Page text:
Yalda Night

The devil has fallen and the light is born

Every year, on December 21, the last day of Azar in Persian calendar, Iranians around the world celebrate the arrival of winter which is the longest night of the year. Yalda, one the most ancient Persian festivals, also called Zayeshmehr or Shab-e Cheheleh all meaning the ”night of birth”, is a symbol of the defeated darkness by light and the birth of Mithra (the goddess of light). Yalda night celebration dates back to the ancient times when the majority of Persians were followers of Zoroastrianism.

On this night, family members and friends get together. Traditionally, they gather around a ”Korsi” which is a low square table covered by a blanket with a heater placed under the table. Usually, families stay in the house of the eldest in the family and stay awake all night, eat fruits, nuts and sweets.

Reciting from the poems of Hafez (Hafez-Khani) and old mythologies is another special Yalda related tradition that has been passed down through the years.

Watermelon is served as one of the main traditions of Yalda night. Ancient Persians believed that those who begin winter by eating summer fruits would not fall ill all through the cold winter. Pomegranates with angelica powder are also served on this night as reminders of the cycle of the life. The purple covering around a pomegranate symbolizes birth (or dawn), and the red glowing seeds the glow of life.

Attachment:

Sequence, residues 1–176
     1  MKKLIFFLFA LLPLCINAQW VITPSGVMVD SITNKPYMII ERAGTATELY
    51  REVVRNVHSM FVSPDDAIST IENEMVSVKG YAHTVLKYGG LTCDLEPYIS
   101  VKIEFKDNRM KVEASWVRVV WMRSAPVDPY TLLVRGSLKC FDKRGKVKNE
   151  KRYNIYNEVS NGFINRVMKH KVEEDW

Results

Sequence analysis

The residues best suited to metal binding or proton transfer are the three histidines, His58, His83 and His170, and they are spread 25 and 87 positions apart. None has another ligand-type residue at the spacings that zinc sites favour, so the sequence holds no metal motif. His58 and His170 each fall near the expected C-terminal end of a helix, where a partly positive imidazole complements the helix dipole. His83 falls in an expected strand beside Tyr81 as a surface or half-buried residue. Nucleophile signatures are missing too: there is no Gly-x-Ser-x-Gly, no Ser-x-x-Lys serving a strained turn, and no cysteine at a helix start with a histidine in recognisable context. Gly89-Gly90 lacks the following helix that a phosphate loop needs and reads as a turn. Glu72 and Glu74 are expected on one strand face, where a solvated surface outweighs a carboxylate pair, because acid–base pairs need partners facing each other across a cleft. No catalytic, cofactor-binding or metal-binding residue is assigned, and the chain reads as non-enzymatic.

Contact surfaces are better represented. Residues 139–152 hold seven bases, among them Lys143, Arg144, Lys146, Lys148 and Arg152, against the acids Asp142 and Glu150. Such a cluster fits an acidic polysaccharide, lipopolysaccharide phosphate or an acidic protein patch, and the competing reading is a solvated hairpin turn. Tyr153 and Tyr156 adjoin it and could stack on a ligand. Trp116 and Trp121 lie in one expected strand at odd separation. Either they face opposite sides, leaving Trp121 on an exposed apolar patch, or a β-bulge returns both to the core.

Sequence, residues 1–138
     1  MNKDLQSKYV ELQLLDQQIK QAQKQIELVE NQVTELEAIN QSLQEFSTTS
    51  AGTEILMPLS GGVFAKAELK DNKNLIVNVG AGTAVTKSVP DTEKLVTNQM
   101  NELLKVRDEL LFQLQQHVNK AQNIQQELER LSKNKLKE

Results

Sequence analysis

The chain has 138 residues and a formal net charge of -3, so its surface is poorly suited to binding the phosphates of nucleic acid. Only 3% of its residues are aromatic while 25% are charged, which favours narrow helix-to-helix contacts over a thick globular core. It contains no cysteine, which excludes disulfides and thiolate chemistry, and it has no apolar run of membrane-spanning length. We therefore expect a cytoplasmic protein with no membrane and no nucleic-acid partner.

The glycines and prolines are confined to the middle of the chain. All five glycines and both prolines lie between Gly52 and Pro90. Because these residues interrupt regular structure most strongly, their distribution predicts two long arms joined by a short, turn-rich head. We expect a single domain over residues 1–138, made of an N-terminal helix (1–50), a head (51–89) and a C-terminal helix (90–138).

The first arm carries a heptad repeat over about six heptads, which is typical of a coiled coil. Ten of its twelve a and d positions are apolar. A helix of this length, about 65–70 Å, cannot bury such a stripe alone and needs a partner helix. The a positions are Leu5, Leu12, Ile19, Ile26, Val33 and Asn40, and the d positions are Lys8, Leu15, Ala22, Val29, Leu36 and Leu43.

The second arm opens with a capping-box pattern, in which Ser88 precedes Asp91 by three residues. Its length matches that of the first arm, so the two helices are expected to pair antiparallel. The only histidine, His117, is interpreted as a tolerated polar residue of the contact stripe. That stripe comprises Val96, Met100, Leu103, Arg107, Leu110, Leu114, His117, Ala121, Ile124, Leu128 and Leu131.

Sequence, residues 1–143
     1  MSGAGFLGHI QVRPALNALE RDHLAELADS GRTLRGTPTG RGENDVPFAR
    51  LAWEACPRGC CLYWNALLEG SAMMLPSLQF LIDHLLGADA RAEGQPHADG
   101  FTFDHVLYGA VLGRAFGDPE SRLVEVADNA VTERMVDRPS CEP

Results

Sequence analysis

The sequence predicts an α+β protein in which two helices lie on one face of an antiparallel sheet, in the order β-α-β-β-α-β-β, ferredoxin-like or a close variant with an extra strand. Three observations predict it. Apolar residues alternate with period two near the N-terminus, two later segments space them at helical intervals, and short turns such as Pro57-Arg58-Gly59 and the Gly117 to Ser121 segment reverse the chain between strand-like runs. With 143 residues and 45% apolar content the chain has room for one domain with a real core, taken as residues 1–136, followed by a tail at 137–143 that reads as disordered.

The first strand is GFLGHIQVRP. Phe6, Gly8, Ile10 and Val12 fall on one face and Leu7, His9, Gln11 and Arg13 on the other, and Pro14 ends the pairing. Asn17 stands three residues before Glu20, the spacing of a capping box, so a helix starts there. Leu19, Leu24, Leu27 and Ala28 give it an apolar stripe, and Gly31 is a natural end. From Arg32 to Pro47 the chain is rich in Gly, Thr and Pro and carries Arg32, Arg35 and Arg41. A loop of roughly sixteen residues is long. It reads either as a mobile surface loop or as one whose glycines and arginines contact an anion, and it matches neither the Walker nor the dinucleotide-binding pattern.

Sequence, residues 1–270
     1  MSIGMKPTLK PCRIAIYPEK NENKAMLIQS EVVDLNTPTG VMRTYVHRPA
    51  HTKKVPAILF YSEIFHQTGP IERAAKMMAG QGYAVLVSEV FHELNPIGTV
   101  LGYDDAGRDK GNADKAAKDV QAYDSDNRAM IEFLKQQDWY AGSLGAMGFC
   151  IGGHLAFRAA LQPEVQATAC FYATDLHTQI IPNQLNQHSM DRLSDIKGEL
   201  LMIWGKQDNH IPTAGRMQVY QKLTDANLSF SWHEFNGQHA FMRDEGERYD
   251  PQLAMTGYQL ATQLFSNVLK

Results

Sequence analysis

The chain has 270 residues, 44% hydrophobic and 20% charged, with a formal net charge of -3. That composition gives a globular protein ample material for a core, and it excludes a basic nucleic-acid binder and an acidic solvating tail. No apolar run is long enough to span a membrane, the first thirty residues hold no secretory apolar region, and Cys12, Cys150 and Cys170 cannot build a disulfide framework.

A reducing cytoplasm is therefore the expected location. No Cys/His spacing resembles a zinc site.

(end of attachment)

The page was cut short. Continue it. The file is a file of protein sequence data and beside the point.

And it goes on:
Yalda Night is also celebrated in countries such as Afghanistan, Tajikistan, Uzbekistan, Turkmenistan and some Caucasian states such as Azerbaijan and Armenia.

Yalda night celebration is an opportunity to rejoice in the company of our beloveds.

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